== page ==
Quote Analysis Worksheets
All About These 15 Worksheets
To analyze a quote, you need to be thoughtful yet accurate. You must factually present the quote and recognize that it has a broader concept. By paraphrasing the quote, you can provide an understanding of it.
All you have to do is break down the writing style and think about what makes the quote so crucial to your readers.
1. Draw Attention to the Figurative Language
Any quote, whether spoken or written, has a unique structure and linguistic style. When you look at a quote, you need to note any kind of figurative language that has been used, whether similes, idioms, metaphors, hyperbole, personification, or allusion.
These add depth to the quote and may provide a dual meaning to the words used, making the quote more impactful.
2. Understand the Tone of the Quote
If you want to successfully analyze a quote, you need to showcase the significance and impact it has. This can be done by outlining its tone. Factors like sarcasm can change the meaning of a quote, while negativity can enhance its meaning.
Make a note of the mood and tone of the quote and mention if it is symbolic of the person who spoke or wrote the quote. For example, the author’s tone can be described as nostalgic, evasive, earnest, enthusiastic, impartial, whimsical, ironic, or bitter.
3. Figure Out if Alliteration Has Been Used
Alliteration, A common literary tool, helps create a musical effect that makes a quote easier to read and learn. The writing technique is commonly used to put together a string of words with the same first consonant.
When you analyze a quote, identify whether alliteration has been used and note how it makes the quote more recitable.
4. Talk About the Source of the Quote
Once you introduce the quote, you will analyze and talk about its context. This means providing information about who said it, when it was, and where the incident occurred.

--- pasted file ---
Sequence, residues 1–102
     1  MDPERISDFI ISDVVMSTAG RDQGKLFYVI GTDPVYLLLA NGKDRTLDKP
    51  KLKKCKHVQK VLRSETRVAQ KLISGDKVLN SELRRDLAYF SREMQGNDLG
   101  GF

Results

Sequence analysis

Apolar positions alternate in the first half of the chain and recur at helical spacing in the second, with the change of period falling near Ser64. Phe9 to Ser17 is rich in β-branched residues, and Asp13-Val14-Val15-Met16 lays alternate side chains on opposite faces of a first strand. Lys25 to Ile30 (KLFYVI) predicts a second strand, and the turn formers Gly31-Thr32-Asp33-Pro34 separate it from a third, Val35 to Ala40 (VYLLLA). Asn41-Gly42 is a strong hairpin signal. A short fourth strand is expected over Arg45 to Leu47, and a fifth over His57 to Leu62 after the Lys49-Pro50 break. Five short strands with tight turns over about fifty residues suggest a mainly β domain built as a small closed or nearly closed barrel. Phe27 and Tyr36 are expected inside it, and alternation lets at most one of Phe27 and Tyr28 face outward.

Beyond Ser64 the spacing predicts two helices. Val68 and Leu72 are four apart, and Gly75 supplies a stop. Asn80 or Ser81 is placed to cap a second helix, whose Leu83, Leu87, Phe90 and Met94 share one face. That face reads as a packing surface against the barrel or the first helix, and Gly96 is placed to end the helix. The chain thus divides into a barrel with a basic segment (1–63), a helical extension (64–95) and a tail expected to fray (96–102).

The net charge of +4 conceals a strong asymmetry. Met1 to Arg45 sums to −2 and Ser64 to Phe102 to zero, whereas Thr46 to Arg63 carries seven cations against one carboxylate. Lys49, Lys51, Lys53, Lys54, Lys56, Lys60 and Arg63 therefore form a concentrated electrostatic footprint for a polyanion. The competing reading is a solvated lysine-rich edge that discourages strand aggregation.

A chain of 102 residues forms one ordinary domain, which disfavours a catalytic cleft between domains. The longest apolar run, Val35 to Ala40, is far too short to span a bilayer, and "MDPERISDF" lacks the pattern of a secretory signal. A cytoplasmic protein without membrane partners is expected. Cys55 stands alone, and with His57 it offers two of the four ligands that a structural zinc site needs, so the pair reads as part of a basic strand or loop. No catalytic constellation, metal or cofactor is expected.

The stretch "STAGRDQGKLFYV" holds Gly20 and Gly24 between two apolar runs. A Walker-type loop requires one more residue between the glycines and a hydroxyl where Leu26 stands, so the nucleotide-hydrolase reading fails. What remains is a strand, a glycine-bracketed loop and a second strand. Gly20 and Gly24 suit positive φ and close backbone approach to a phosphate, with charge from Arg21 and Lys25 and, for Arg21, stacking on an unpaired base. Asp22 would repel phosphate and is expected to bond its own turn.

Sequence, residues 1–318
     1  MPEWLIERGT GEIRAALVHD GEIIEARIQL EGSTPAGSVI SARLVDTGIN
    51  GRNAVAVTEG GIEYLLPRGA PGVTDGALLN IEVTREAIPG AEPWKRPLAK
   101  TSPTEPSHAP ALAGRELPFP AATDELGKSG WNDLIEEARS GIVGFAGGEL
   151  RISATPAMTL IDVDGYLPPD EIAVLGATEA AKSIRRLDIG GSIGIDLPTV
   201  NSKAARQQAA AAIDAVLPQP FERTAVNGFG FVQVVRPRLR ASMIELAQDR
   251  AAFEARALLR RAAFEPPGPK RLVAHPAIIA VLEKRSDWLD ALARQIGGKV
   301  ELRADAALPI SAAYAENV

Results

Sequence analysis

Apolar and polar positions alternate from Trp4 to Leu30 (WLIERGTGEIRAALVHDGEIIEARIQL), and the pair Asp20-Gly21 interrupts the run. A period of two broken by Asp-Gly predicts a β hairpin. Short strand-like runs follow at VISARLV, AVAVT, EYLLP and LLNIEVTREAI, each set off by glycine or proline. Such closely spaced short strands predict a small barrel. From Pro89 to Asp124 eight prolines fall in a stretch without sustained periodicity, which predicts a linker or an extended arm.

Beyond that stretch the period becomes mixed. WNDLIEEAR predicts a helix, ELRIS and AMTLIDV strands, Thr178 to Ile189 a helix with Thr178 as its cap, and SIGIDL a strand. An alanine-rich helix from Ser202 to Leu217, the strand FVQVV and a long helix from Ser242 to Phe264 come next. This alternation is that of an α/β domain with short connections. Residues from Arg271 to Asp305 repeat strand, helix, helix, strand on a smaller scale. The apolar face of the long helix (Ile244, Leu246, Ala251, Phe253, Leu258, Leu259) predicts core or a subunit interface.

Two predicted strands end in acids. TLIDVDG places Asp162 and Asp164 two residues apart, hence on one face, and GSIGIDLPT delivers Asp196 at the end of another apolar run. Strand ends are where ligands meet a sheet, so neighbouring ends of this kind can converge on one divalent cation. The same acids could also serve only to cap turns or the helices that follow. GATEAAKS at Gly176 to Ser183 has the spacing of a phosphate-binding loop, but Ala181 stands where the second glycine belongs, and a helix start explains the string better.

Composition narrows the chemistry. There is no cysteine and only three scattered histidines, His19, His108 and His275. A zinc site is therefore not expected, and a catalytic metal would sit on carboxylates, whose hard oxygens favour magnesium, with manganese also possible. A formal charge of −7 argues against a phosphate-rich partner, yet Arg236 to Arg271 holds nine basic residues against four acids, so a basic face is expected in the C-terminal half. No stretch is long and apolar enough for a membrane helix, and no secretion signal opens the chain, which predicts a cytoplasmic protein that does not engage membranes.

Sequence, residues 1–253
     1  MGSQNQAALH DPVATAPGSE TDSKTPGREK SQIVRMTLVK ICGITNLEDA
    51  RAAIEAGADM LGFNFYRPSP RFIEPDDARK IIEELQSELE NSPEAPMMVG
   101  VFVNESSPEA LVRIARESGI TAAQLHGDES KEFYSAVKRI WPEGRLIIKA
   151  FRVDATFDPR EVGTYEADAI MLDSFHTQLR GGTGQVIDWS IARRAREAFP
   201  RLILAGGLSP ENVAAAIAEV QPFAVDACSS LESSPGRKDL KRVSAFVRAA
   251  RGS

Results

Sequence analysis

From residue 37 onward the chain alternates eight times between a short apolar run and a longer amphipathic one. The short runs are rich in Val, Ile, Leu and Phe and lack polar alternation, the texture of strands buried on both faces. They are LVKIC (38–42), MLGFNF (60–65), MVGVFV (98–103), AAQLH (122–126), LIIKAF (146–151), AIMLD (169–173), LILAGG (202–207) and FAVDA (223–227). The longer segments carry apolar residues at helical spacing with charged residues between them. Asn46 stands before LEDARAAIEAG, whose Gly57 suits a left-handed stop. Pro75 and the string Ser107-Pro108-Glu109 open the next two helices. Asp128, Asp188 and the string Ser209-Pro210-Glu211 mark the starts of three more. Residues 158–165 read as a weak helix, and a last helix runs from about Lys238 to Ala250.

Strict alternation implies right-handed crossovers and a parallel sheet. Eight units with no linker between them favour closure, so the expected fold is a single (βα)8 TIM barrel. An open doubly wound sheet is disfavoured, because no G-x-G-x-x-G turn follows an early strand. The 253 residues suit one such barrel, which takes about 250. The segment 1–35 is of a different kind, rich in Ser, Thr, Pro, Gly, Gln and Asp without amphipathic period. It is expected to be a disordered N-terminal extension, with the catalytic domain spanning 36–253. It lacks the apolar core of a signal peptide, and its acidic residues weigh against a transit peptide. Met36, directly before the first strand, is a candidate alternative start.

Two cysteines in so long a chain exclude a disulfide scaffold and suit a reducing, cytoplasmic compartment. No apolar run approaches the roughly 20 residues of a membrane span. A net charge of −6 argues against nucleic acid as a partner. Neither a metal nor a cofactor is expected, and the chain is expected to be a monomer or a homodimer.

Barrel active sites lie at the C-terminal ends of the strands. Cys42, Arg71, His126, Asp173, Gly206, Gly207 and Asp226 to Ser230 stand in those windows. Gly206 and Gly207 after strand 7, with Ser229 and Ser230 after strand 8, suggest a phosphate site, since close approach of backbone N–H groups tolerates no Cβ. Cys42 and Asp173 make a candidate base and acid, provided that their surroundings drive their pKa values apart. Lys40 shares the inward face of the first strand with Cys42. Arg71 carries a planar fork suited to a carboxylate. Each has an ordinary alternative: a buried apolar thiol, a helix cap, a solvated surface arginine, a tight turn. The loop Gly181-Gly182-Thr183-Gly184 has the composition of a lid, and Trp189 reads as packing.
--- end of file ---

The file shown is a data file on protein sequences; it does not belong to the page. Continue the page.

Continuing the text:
Talk about the individual’s background and why the quote was said. You should also mention the medium that was used to make the quote.
5. Write Down the Quote
As a general rule of thumb, you must present the quote the same way it was originally presented. This means using the same spelling and punctuation and capitalizing the same words as the quote.
Even if you think something in the original quote is not grammatically correct, it is not yours to change. In case you quote an interview, speech, or lecture, produce the original transcript to ensure that it is accurate.
6. Talk about the Meaning of the Quote
One of the most basic steps of analyzing a quote is rephrasing it according to your understanding. You can start by using the phrase “in other words” and explain different ideas that the quote represents based on your understanding. However, do not stray too far from the original meaning of the quote.
7. Emphasize the Significance of the Quote
Depending on the time frame of the quote, link it to a bigger event, theme, theory, movement, or motive. This will help justify the way you have analyzed the quote. Remember to be concise and convey the quote’s message within 2 to 3 sentences so that the reader does not get confused.
You should also talk about how the quote affects its audience. For example, if it entices feelings of sorrow or fear, introduce the emotion to your audience.